French police search home of Bettencourt's adviser

Nicolas Sarkozy (6 July 2010) Nicolas Sarkozy has dismissed claims surrounding the case as a "smear"

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Police have searched the house and office of the wealth manager of France's richest woman, as a probe into illegal political donations continues.

A former accountant for heiress Liliane Bettencourt claims she made large hand-outs to President Nicolas Sarkozy during his 2007 election campaign.

Patrice de Maistre, Ms Bettencourt's adviser, allegedly asked Claire Thibout to withdraw cash for her ex-employer.

Mr Sarkozy is under increasing pressure over the claims.

He and Mr de Maistre deny the allegations, with Mr Sarkozy dismissing them as part of smear campaign against him.

The scandal has also sparked calls for Labour Minister Eric Woerth, treasurer of the ruling party, to stand down.

He is accused of accepting the donations from Ms Bettencourt on behalf of Mr Sarkozy's campaign.

Mr de Maistre's lawyer said the search was to be expected under the circumstances.

"When you have an investigation of this size, several investigations, this type of search is not surprising," Pascal Wilhelm told Reuters news agency.

'No proof'

Ms Thibout says that, as an accountant for Ms Bettencourt, the heiress and her husband made illegal donations amounting to thousands of dollars in the run-up to Mr Sarkozy's election.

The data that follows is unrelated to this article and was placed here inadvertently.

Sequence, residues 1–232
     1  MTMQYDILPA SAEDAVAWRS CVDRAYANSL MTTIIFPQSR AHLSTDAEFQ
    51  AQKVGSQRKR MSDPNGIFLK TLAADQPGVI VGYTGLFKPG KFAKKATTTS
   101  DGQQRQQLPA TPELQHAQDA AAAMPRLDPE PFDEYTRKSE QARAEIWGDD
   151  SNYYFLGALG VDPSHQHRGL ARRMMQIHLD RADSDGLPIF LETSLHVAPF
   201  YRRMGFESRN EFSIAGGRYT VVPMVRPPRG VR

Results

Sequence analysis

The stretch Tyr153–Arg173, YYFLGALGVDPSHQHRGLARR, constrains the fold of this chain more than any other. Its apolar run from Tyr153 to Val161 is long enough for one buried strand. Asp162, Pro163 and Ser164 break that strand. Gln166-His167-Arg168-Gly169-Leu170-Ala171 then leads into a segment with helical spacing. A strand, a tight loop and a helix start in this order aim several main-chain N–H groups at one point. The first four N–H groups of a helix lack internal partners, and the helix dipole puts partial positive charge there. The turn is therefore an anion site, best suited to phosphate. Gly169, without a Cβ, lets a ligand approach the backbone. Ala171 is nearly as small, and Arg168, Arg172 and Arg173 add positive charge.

Police officers stand outside the offices of Patrice de Maistre, Friday, July 9, 2010 Mr de Maistre's lawyer said the search was to be expected

But on Thursday she denied making claims that Mr Sarkozy directly received envelopes of cash from Ms Bettencourt home in the Paris suburb of Neilly.

Government officials quickly claimed Mr Sarkozy was exonerated.

Ms Thibout was also quoted as saying that she could no longer recall the date in 2007 when she withdrew 50,000 euros (£42,000) in cash that she said was later given to Mr Woerth.

But she stood by claims made in an interview with news website Mediapart that Mr de Maistre had asked her to fetch the money and that it was added to 100,000 euros in cash withdrawn in Switzerland.

The limit for donations to political parties is set at 7,500 euros.

Ms Bettencourt's lawyer, Georges Kiejman, has said that "nothing proves" that she provided illegal campaign financing.

The allegations surfaced in connection with a trial over the estimated 17bn-euro fortune of Ms Bettencourt, whose father founded the cosmetics giant, L'Oreal.

Ms Bettencourt's daughter Francoise is suing celebrity photographer Francois-Marie Banier, a close friend of her mother's, for allegedly exploiting her mental fragility to gain access to her fortune.

Mr Woerth has also come under scrutiny because his wife worked for the company that managed Ms Bettencourt's fortune.

Their names emerged in tapes secretly recorded by Mrs Bettencourt's butler.

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